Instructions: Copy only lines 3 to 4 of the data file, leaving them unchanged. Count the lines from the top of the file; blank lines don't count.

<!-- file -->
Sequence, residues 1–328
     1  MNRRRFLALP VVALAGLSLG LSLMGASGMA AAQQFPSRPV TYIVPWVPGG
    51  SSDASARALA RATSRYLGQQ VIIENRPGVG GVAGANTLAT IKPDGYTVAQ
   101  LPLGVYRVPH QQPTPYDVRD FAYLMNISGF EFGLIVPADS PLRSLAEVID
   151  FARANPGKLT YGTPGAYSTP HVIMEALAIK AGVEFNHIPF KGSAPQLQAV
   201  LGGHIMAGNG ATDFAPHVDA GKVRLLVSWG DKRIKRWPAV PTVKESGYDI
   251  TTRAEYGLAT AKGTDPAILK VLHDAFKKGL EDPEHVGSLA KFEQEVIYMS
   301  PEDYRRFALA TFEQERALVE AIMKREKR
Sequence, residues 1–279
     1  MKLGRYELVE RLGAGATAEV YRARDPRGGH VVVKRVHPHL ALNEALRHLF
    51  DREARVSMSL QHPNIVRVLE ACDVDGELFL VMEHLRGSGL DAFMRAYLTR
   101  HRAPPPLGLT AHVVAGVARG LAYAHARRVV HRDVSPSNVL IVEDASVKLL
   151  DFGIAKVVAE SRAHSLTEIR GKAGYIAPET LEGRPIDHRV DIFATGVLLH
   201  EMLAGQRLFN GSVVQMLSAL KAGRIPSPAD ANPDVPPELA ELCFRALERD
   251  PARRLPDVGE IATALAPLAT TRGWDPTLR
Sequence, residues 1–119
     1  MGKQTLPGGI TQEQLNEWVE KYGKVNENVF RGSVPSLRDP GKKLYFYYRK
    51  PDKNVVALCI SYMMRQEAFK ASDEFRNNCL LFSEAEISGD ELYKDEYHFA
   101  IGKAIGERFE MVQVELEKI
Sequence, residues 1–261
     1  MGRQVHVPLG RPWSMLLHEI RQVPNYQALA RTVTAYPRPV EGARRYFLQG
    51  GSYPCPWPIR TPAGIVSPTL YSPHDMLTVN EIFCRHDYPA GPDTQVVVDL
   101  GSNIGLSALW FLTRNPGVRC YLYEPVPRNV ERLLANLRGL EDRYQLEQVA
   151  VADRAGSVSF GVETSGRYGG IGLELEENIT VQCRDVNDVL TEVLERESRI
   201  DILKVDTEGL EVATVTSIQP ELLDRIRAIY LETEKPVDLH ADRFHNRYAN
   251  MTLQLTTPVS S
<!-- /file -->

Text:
    51  SSDASARALA RATSRYLGQQ VIIENRPGVG GVAGANTLAT IKPDGYTVAQ
   101  LPLGVYRVPH QQPTPYDVRD FAYLMNISGF EFGLIVPADS PLRSLAEVID